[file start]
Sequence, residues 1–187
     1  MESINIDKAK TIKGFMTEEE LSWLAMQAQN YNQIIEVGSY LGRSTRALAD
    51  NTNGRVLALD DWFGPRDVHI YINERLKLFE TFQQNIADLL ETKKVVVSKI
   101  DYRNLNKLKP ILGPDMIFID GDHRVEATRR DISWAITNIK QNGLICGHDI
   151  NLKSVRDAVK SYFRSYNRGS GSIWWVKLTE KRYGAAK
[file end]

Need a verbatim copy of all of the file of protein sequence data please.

Sequence, residues 1–187
     1  MESINIDKAK TIKGFMTEEE LSWLAMQAQN YNQIIEVGSY LGRSTRALAD
    51  NTNGRVLALD DWFGPRDVHI YINERLKLFE TFQQNIADLL ETKKVVVSKI
   101  DYRNLNKLKP ILGPDMIFID GDHRVEATRR DISWAITNIK QNGLICGHDI
   151  NLKSVRDAVK SYFRSYNRGS GSIWWVKLTE KRYGAAK